Filed under: Preparation & Readiness, Safety on the Road, Summer 2011
What do Earthquakes and Hurricanes have in common?
The “Big ‘Un” for us east coasters hit Tuesday a little after 1 p.m. Buildings shook, chimneys toppled, foundations cracked, and groceries flew off the shelves of area stores. The reading was 5.9 – the most significant quake in our area in the past 114 years. Since the main quake Tuesday, we have recorded seven after-shocks, the most recent this morning around 1:30 a.m. with a 4.6 reading. I slept right through it. I guess those zero gravity sleep number beds don’t shake during earthquakes.
While the epicenter of the quake was only about 50 miles west of our home, we escaped any damage on our property. Some of our neighbors within hollering distance have huge cracks in their home’s foundation.
What I consider scary is the North Anna Nuclear Power Plant lies only 12 miles from the quake’s epicenter. Both reactors were immediately shut down and remain off-line. We were told the facility was designed for a 6.2 quake. According to my simple math a 5.9 is getting mighty close to the design limit.
Our next big event is hurricane Irene heading up the east coast. Hurricanes are NOT fun events. I spent a considerable amount of time both yesterday and today preparing for the storm. All of the outdoor furniture has been stored inside, extra guy ropes are on the apple and cherry trees, all loose items on the property have been tied down or removed.
Inside I have extra batteries, food and water. The camper is tightly closed and the holding tanks full of water. I figure the extra 1,700 pounds of ballast can’t hurt in keeping her on the ground.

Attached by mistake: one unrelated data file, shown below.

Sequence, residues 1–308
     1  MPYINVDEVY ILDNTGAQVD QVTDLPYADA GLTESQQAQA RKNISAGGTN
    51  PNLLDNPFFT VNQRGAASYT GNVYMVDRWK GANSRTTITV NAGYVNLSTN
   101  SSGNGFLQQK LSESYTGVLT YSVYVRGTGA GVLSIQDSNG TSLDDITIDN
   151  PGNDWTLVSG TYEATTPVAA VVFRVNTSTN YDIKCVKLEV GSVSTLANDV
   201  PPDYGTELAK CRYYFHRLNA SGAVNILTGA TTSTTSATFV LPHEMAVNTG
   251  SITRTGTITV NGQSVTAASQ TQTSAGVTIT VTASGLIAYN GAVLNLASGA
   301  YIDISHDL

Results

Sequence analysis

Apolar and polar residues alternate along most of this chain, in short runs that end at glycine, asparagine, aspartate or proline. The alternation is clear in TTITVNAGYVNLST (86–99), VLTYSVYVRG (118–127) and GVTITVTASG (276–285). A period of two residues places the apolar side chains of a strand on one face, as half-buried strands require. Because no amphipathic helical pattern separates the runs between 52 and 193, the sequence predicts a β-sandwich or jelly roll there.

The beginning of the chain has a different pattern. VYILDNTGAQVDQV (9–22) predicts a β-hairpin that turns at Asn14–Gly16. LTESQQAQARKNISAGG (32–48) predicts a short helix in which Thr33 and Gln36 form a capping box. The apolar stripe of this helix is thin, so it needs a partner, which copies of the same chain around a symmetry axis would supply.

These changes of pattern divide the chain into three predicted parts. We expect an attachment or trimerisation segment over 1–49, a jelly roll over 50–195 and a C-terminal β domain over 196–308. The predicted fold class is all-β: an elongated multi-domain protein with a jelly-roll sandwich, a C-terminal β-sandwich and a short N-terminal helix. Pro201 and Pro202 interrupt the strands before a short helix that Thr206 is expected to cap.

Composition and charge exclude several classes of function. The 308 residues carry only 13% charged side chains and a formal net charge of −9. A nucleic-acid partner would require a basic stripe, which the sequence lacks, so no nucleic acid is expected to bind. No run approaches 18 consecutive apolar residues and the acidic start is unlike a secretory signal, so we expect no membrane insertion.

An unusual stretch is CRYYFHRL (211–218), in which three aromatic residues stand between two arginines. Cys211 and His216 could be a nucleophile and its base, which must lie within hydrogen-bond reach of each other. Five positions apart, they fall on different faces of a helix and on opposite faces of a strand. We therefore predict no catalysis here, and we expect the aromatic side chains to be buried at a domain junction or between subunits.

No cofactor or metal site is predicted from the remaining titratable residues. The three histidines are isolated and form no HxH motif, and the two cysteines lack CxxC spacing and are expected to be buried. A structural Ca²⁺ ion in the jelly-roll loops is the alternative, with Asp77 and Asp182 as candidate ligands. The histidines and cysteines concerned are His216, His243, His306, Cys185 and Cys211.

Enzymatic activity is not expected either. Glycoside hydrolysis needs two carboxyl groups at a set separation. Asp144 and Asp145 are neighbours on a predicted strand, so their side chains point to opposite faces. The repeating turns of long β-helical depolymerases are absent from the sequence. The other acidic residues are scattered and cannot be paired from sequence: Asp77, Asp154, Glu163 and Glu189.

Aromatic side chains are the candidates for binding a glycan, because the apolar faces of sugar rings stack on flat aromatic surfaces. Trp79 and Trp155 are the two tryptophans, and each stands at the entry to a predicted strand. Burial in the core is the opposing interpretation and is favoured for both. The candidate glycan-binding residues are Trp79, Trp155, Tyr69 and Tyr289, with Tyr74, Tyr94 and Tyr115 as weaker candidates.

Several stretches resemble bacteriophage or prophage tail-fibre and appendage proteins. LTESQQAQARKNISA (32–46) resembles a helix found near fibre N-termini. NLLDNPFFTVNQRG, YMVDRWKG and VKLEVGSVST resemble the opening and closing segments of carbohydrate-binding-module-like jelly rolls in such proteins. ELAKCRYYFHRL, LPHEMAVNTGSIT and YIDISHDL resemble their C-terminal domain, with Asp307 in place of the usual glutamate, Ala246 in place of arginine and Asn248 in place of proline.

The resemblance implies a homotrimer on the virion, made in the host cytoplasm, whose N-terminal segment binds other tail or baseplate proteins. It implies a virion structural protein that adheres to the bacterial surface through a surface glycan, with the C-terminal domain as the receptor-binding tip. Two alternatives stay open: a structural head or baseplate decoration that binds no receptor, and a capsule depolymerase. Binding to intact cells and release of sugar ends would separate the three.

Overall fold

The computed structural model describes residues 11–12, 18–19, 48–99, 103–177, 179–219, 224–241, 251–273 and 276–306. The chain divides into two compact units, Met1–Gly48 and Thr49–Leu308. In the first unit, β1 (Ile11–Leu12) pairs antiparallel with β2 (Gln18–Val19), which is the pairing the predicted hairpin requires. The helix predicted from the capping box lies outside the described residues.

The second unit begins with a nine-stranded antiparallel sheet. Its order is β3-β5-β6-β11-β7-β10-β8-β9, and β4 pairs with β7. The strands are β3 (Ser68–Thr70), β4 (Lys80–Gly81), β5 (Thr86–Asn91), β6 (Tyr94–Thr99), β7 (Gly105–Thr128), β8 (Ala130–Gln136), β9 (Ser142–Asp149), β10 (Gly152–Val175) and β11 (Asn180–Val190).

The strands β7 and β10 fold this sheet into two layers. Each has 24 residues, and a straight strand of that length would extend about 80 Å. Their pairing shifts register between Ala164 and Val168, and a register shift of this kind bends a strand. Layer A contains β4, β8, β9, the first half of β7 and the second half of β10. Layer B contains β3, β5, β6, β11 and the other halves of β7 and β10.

The generator has been checked and with 240 gallons of propane in a buried tank I am hoping I have enough fuel to keep it running. Isabel left us without power for two weeks. The generator burned gasoline then and getting enough fuel to keep it running was a challenge. This time I won’t need to worry about finding fuel.
Of course, the biggest risks we have are downed trees and blowing debris hitting the camper or vehicles. We still have a significant number of 100-year-old oaks and tall Sweet Gum’s that did not fall to the wrath of Isabel in 2003.
A close friend has his camper permanently parked at a campground on the Chesapeake Bay. It is a given that the storm surge of water driven into the Bay by the storm will inundate the campground possibly filling the camper with water up to the windows. He knows that is a chance you take when you give up your wheels and tires for cinder blocks.
Now, what do earthquakes and hurricanes have in common? Well, both of them can literally scare the beegee’s out of you!
How intense the storm we are due to receive Saturday night remains to be seen. We are preparing for lots of rain and winds between 80 and 100 mph by midnight. But, as one newscaster said this morning, “There is no such thing as a minor hurricane.”
HAPPY CAMPING TRAILS TO ALL!
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